TAMPA – Richard Gonzmarth is a legendary restaurateur from a family of legendary restaurateurs.
He is the fourth generation co-owner of the iconic Columbia Restaurant with his brother Casey Gonzmart Sr. Founded in 1905 by their grandfather Casimiro Hernandez Sr., the famous Ybor City is the oldest restaurant in Florida.
Richard Gonzmarth expanded the family business by opening seven Columbia outlets and seven other restaurants, including Ulele along the Riverwalk and a revived Goody-Goody Burgers in Hyde Park Village.
He recently resigned from the Hillsborough Tourism Development Board after 29 years on the board, saying he was cutting back on his day-to-day responsibilities in order to spend more time with his wife, Melanie, with whom he had lived for nearly 49 years. Daughter Andrea Gonzmart Williams, 43, is taking on a bigger role in the family business.
Gonzmarth, 69, told the Tampa Bay Times about growing up at the original Columbia Restaurant, where late Tampa mob boss Santo Trafficante Jr. often dined. This is the first part of a two-part conversation. The second part is scheduled for June 5th.
• • •
What do you remember about your grandfather, Casimiro Hernandez Sr.?
I was, I think, 8 years old when my grandfather died. But at 3.5 years old, I went to Columbia for dinner on Fridays. My mother (Adela Hernandez Gonzmart), because we are Catholics, had to eat seafood. She was an excellent cook, but she didn’t cook fish. And I went to the kitchen, wandering around. I felt comfortable, I knew the waiters. When I entered the cooler, I saw all the red snapper, trout, sea bass, pompano, even live softshell crabs, with their heads and eyes looking at me, and I turned around, got scared and ran away.
My grandfather said, “What’s wrong with you, baby?” (I said:) The fish was about to bite me. And he accepted me, and that was my first lesson. He told me how to tell if a fish is fresh by looking into its eyes for clarity. And the gills should be dark moist red. And then on the flesh, he said, when you come in, I want you to press on the flesh; it must be solid.
(He told me:) “And every Friday when you come, I want you to report that the fish is fresh.” Look, at 3.5 I thought I was a big boy. Although we built a new kitchen in 2001, this door still stands. Every day when I pass by, I remember this. My earliest memory. My first education.
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• • •
What else have you learned from him?
I remember my grandfather saying that Spanish bean soup is too salty. The chef said he could fix it and my grandfather argued and said, “No, do it again.” What I learned from this is that you are only as good as your last meal.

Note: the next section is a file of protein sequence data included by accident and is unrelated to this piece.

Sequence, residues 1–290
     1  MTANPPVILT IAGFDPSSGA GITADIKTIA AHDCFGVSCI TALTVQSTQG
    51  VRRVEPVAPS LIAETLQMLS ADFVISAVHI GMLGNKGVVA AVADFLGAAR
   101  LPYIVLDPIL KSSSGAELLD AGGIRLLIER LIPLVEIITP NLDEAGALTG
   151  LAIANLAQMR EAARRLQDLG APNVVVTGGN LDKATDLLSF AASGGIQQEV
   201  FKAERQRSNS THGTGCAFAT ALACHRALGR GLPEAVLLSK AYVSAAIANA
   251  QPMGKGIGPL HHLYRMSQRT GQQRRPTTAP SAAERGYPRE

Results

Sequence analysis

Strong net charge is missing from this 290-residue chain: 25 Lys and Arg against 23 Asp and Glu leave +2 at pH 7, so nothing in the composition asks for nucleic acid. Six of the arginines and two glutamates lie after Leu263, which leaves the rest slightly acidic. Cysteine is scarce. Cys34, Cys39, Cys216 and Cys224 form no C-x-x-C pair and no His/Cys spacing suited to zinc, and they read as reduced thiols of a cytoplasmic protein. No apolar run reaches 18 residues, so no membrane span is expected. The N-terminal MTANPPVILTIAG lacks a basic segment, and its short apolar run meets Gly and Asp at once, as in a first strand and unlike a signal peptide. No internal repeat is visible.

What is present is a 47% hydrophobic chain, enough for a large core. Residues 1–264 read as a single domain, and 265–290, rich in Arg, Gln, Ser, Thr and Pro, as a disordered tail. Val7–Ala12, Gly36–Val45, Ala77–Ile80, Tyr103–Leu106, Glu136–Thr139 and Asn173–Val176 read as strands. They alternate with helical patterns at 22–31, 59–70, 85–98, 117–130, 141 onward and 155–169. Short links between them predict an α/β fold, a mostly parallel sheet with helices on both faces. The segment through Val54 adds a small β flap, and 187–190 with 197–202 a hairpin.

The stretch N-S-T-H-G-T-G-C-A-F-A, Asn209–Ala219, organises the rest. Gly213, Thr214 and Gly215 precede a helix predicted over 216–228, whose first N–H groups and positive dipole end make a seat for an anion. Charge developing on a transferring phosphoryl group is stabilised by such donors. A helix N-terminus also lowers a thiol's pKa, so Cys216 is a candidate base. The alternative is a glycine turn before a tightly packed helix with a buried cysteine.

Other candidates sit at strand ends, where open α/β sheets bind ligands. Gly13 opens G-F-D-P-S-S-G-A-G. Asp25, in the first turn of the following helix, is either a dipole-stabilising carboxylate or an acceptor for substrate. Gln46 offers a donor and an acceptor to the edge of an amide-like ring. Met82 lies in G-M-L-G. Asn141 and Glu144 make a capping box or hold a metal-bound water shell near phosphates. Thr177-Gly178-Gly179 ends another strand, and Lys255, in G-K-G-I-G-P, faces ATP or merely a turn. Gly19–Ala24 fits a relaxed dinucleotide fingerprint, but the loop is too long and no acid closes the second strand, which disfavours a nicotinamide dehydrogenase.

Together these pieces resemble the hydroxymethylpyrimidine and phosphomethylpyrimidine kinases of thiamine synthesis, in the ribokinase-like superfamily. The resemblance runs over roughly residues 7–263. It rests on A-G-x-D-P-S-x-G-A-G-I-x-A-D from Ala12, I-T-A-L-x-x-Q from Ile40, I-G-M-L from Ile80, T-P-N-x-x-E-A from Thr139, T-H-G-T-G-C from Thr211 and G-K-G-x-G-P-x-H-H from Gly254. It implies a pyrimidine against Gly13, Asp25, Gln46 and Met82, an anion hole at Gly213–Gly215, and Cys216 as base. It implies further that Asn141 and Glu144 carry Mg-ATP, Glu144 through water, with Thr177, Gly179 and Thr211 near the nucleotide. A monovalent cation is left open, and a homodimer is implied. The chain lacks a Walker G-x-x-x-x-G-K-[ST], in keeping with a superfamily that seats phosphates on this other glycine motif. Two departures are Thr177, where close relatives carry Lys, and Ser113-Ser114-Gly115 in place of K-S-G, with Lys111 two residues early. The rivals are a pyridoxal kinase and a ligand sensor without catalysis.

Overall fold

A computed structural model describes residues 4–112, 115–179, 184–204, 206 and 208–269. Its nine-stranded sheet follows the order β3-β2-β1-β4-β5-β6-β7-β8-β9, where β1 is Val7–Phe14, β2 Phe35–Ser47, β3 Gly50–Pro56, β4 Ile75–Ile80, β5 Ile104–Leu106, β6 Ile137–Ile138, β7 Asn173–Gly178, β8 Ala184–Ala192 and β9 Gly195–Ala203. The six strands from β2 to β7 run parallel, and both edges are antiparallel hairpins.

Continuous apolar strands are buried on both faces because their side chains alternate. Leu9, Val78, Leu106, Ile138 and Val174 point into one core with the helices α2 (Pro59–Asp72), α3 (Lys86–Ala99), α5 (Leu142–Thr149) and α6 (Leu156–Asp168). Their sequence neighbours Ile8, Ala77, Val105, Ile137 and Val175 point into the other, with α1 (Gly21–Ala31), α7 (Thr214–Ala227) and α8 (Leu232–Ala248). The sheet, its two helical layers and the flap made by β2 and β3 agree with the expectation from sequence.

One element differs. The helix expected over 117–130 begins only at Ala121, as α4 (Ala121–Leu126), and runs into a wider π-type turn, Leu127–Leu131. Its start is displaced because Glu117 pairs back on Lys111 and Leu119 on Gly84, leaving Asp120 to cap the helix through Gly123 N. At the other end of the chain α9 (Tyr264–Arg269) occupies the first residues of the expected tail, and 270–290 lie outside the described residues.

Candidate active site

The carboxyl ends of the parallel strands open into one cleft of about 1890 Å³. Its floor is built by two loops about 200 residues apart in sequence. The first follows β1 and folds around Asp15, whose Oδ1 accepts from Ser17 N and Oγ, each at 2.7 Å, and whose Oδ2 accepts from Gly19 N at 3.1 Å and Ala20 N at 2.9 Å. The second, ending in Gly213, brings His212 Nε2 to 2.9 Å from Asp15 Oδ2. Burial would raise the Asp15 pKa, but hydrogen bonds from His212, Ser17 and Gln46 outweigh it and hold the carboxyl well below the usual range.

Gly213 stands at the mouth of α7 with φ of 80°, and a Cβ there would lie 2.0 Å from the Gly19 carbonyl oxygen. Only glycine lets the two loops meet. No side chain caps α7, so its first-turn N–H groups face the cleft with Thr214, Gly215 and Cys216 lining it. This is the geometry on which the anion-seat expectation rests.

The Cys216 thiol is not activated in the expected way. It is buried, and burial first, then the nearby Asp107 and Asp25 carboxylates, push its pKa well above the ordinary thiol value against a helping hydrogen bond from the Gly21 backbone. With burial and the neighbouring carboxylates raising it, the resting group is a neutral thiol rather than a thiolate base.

• • •
What is your favorite food in Colombia?
Depends on the day, moment and occasion. I like palomilla steak. And the palomilla steak was not on the menu, nor was the ropa vieja, because it was peasant food. But what’s happening is that people don’t think that way anymore, so I put it on the menu. I like boliche, roast beef stuffed with chorizo. It brings back memories. When I eat, I think about special moments. That’s what I like. I love chicken and yellow rice. This is my choice many times. I like it with what I call RG 1953 salad. It’s a 1905 salad with just lettuce, tomatoes and dressing. I love how the taste of garlic, vinegar and oil mixes together when I eat it.
• • •
Did you work in a restaurant as a child?
My first job was when I was 12 years old, I was a dishwasher. My dad didn’t want me to do it. He wanted me to work up front, doing something I wasn’t interested in – cleaning the bottoms of chairs. I quit three times that day. My brother was my curator. He was 17.
But I wanted to wash the dishes. I loved to cook; I learned to cook at the age of 6, started washing dishes and then started working on the line at lunchtime with some legendary chefs. It is important to understand that (the dishwasher) uses the most expensive equipment in charge of sanitizing every tableware, plate and glass that customers touch.
Due to loss and waste, we will spend $15,000 a month worth of glasses and cutlery there … we lose and break $15,000 to $20,000 a month. The waiters put them on a tray, put so much that they could not carry it away. You will see how I walk and take pictures. It’s just not safe.
• • •
There was a story about a Columbia University employee who spilled a cup of coffee on the lap of Tampa mob boss Santo Trafficante Jr. What happened?
It was Ferdy Pacheco who dropped a cup of coffee on him and he was scared to death. (Pacheco, who died in 2017, became famous as a writer, artist and ringside doctor for heavyweight boxing great Muhammad Ali.)
(Trafficante) was actually a kind man. He came, I knew him as a boy. Everyone respected him. He often had lunch and dinner, and his daughter told me that Columbia was his favorite restaurant.
• • •
Tell another story about Trafficant.
There was once, I think I was 19 years old. He entered. I worked at the front door, and lunch in those days at Columbia was very, very slow. And he came in and said, “Richard, I need a quiet table to talk business. I don’t want anyone near me.” “Yes, sir, Mr. Trafficante.
I seated him at table 104. A few minutes later a gentleman enters. I sat him down at table 62 and he waited a bit and said, you know, I really don’t like this table; I want to read the newspaper. So, he goes out into the skylight (patio room) at a table directly across from Santo Trafficante. He was with a gentleman named Henry Disidue. And the guy opens the newspaper.
He just sits there. And in less than 15 minutes, Santo came up to me and said: “I told you that I don’t want anyone to sit next to me. This is the FBI and I can’t talk business.” Holy prayer!